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Discussion in 'Standup Technique' started by Ilk, Jan 30, 2018.
I'm slightly joking. It's not always like that.
What I meant to say was, sparring orthodox people sometimes was in my advantage because those particular people happened to be only adjusted to sparring against other orthodox guys. A handful of them have commented saying they hate sparring southpaw. I noticed a pattern in a couple of these people that they would start off orthodox and then try to fight me southpaw. They do it to match leads and try to understand it or something, but when they do that the advantage is sometimes still mine as I am more used to fighting people in matching leads, whereas they were not, they were orthodox people trying to figure out southpaw. I hope that makes sense, but not trying to be cocky or anything.
As a southpaw i agree. We are to powerful for you puny normies.
Im a southpaw for the most part. Mostly i think you just have to spar that guy more. Its just something you don't have much experience dealing with. Look for his liver though, southpaws lead with there liver in the front.
You can also if you jab with him hdie behind your shoulder take a step on the inside of your lead foot and beat him to the jab from an inside angle instead of trying to jab over his jab. And you can do the same with a lead hook.
I think I remember an interview or fight commentary from George Foreman. He basically said fighters think too much about the foot position jsut forget about it and hti the other guy. In the end if his footwork is that much better don't try to make it a war of footwork and be slick.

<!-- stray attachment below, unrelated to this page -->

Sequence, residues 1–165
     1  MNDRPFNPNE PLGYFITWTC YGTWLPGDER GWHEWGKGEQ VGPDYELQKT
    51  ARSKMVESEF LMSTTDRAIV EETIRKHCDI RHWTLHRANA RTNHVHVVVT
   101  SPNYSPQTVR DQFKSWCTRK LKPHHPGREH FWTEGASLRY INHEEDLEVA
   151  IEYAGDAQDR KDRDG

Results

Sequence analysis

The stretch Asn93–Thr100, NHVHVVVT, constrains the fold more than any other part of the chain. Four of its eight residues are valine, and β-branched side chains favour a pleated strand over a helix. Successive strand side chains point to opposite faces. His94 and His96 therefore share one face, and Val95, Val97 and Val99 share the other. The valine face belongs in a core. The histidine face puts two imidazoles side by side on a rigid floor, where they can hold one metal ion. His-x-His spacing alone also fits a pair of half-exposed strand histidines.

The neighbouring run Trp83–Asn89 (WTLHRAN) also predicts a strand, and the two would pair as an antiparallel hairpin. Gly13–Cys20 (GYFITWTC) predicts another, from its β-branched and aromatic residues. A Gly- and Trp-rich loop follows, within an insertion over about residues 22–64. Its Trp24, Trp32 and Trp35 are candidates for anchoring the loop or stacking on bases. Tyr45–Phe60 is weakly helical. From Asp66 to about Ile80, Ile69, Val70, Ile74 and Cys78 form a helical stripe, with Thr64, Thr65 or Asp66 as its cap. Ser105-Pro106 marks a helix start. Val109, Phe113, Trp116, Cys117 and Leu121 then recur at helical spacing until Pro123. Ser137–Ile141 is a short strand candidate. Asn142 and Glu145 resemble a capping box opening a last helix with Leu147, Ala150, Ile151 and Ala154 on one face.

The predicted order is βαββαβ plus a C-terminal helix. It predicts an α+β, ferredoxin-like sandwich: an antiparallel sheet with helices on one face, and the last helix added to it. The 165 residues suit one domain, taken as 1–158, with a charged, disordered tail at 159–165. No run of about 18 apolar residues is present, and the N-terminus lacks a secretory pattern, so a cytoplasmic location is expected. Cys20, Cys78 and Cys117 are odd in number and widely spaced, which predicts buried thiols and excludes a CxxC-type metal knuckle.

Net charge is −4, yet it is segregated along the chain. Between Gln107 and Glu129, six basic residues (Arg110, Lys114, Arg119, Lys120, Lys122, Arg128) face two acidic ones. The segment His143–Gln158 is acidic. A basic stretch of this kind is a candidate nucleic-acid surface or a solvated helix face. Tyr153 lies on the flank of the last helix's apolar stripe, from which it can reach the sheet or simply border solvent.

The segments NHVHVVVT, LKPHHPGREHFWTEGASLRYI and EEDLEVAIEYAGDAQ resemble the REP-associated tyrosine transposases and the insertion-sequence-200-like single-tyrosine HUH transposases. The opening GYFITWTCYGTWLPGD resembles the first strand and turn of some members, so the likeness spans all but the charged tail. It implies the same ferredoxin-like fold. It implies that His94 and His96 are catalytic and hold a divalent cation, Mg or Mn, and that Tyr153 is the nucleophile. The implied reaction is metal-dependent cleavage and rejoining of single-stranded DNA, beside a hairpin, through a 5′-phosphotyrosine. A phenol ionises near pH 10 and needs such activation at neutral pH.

As long as your lead foot points right at the opponent you can hit him so do it. If he takes an outside angle just accept it and work from an inside angle if the he takes an inside angle work from an outside angle.
The only thing that is 100% important is that you face the opponent as long as you do just forget about the angles.
I really think some people think too much when sparring a southpaw and thus block their own boxing by overthinking. Salido beat Lomachenko. Even that green version of Loma has 100 times the footwork of Salido and he was younger fresher and more athletic. Yet Salido won a close fight and I doubt Salido spent much time thinking about footpositioning he wouldn't have won a tactical boxing match anyway. And you are not sparring Lomachenko you are sparring some guy who apparently has been a hobby boxer for 2 years.
Maybe he is also just better overall than you then get better but you are overthinking it (most likely)
like someone said earlier, all the advantages/moves that apply to a southpaw, you can use on the southpaw as well. the only diff is the southpaw is used to going against orthodox people, where as the orthodox is generally not.
same tactics work against a southpaw.
i use to hate southpaws in boxing but learnt to keep my left hand up and throw tons of arm punch right hands at there face doubling up on them too southpaws hook comes over your jab easily if you dont stiff it up i never throw lazy jabs every jab i throw has to be hard and stiff